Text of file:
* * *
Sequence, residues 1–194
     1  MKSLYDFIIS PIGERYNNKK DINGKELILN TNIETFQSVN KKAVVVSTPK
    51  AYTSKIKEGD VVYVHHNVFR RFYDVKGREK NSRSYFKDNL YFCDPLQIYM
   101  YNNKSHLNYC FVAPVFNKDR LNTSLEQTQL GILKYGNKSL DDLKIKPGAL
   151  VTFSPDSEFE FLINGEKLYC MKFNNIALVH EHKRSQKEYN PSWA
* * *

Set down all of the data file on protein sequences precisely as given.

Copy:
Sequence, residues 1–194
     1  MKSLYDFIIS PIGERYNNKK DINGKELILN TNIETFQSVN KKAVVVSTPK
    51  AYTSKIKEGD VVYVHHNVFR RFYDVKGREK NSRSYFKDNL YFCDPLQIYM
   101  YNNKSHLNYC FVAPVFNKDR LNTSLEQTQL GILKYGNKSL DDLKIKPGAL
   151  VTFSPDSEFE FLINGEKLYC MKFNNIALVH EHKRSQKEYN PSWA